Rotating shift workers have lower levels of serotonin

August 1, 2007

People who work rotating shifts have significantly lower levels of serotonin, a hormone and neurotransmitter in the central nervous system believed to play an important role in the regulation of sleep, according to a study published in the August 1st issue of the journal SLEEP.

The study, authored by Carlos J. Pirola, PhD, of the Universidad de Buenos Aires, Argentina, focused on 683 men of self-reported European ancestry, in which 437 day workers were compared with 246 rotating shift workers. Day and night work periods started at 6 a.m. and 6 p.m. respectively. None of the subjects interchanged their job schedule.

The results showed that serotonin content differed greatly between day workers and rotating shift workers, with levels of serotonin significantly higher in day workers.

“These findings may be important not only to understand the mechanisms related to the circadian rhythm desynchronization imposed by the rotating shift work regime, but also to target truly effective therapeutic strategies that may ameliorate the associated comorbidities and behavioral problems in rotating shift workers,” said Pirola.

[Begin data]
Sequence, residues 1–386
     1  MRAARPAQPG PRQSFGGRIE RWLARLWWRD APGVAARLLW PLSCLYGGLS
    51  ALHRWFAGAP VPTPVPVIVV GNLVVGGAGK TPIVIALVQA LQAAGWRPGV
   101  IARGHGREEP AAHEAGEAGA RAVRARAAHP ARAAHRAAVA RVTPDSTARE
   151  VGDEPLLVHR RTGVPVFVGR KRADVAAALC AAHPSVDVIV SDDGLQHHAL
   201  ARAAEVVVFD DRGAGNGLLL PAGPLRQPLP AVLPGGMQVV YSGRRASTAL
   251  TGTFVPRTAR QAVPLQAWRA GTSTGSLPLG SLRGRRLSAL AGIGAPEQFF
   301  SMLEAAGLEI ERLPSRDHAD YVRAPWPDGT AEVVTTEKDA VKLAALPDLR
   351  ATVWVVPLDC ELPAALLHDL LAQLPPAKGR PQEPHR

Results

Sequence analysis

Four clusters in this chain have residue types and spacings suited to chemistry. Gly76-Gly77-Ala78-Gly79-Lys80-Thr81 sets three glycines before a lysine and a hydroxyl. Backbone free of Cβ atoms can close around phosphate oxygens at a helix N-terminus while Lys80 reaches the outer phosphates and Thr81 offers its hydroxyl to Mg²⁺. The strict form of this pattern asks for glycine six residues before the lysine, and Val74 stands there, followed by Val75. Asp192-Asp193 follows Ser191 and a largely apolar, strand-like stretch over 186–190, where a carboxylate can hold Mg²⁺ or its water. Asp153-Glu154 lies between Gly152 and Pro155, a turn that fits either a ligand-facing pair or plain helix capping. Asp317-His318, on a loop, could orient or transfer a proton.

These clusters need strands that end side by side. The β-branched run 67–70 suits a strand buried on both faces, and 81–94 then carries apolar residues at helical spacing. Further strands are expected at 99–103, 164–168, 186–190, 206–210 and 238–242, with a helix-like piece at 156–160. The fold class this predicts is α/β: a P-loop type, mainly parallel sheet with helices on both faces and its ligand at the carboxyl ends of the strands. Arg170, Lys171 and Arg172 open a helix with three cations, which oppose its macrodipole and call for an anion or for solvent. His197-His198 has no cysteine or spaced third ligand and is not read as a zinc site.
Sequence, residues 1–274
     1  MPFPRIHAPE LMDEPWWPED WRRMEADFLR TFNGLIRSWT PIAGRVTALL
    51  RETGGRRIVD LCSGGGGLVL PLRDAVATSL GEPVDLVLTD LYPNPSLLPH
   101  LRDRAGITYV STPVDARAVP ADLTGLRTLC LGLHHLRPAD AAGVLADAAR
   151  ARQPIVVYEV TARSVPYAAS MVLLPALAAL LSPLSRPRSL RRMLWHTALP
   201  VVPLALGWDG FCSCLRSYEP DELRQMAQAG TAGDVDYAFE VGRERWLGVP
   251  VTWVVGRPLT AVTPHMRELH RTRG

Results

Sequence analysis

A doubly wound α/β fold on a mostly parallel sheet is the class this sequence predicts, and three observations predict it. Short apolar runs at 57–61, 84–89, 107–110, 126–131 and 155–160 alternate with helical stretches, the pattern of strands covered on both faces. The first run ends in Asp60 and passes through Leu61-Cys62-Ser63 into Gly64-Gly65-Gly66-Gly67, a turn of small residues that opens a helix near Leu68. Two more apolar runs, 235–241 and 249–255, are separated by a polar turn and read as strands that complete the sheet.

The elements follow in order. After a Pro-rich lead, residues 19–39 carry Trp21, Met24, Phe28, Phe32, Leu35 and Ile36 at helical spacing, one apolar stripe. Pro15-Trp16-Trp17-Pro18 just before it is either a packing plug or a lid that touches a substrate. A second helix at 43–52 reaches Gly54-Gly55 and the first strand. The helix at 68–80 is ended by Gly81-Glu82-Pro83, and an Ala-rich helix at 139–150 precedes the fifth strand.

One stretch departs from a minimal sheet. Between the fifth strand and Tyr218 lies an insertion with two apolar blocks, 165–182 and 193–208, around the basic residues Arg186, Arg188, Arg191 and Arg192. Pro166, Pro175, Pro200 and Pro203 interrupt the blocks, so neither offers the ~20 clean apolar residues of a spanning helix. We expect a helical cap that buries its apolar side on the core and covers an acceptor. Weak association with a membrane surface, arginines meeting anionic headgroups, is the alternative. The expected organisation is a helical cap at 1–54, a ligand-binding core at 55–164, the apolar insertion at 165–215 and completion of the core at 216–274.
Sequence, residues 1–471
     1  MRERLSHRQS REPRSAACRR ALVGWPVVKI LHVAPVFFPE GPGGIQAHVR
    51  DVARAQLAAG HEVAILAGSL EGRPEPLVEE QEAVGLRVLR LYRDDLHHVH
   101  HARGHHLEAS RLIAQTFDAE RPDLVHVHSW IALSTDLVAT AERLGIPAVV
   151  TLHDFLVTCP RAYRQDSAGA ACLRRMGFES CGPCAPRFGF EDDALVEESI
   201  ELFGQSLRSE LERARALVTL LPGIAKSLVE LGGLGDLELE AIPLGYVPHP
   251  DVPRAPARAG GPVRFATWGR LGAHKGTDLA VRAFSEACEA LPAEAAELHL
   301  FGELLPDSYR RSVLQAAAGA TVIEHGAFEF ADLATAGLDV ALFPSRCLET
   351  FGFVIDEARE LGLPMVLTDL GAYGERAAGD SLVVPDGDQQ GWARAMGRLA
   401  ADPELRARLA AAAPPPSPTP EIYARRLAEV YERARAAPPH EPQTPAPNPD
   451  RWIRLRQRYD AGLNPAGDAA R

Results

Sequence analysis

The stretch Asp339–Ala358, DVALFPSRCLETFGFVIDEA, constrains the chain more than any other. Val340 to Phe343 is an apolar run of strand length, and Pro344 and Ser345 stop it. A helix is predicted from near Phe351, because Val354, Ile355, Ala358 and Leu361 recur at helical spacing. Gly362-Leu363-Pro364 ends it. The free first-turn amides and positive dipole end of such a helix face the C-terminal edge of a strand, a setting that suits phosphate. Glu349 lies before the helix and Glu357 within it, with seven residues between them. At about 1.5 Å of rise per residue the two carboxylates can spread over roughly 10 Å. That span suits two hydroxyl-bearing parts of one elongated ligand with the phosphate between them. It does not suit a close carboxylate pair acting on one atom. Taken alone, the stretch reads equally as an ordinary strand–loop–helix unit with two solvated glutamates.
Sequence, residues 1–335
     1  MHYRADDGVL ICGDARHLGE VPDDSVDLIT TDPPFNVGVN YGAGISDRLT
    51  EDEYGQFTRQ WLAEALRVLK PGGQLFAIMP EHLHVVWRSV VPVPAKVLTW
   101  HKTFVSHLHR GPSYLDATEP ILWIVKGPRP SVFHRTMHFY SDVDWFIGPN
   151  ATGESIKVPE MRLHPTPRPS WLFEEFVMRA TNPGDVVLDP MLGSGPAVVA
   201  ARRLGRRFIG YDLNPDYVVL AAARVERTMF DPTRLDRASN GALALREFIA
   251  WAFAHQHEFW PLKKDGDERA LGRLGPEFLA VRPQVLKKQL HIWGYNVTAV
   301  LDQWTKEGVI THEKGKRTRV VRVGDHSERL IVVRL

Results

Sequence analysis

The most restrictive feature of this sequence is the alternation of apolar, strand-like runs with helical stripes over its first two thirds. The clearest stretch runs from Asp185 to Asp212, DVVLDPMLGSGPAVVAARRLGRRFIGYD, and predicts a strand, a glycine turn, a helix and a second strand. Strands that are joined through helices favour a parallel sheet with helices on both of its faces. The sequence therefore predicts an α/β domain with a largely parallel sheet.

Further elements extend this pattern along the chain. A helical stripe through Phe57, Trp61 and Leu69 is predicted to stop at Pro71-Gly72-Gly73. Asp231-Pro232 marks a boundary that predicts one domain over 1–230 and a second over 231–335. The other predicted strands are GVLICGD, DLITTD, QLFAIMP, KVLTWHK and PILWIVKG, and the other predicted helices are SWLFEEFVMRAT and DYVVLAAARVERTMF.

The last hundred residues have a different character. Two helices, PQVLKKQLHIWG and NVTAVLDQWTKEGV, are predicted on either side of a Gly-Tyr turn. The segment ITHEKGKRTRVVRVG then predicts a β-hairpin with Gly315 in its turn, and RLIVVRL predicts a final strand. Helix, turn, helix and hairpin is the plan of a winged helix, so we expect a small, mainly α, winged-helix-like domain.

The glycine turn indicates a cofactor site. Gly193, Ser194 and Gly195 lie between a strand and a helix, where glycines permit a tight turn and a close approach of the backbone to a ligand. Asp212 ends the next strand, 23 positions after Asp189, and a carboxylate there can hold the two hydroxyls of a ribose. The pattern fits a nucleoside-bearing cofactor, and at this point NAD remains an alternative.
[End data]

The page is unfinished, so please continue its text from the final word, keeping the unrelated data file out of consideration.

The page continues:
In addition to sleep problems, low levels of serotonin are also associated with other conditions such as anger, depression and anxiety.

Shift work sleep disorder is a circadian rhythm sleep disorder that occurs due to a work schedule that takes place during the normal sleep period. This schedule requires you to work when your body wants to sleep. Then you have to try to sleep when your body expects to be awake. The timing of when you sleep and wake is much different than what your internal body clock expects.

This sleep problem causes you to have trouble sleeping or to be severely tired. It is most often reported due to the night and early-morning shifts. These workers typically sleep one to four hours less than average. They also feel that the quality of their sleep is very poor. They do not feel refreshed when they wake up. This can hinder their performance at work. It can also make them less alert. This can put them at risk of an injury on the job.

Sleep problems from shift work affect male and female workers of all age groups. Those who have unusual work hours are most likely to have it. Estimates are that two to five percent of the general population is affected.

Those who suspect they might be suffering from shift work sleep disorder, or another sleep problem, are urged to consult with their primary care doctor or a sleep specialist.

Source: American Academy of Sleep Medicine

Explore further: Biomedical research doesn't reflect diversity of American public

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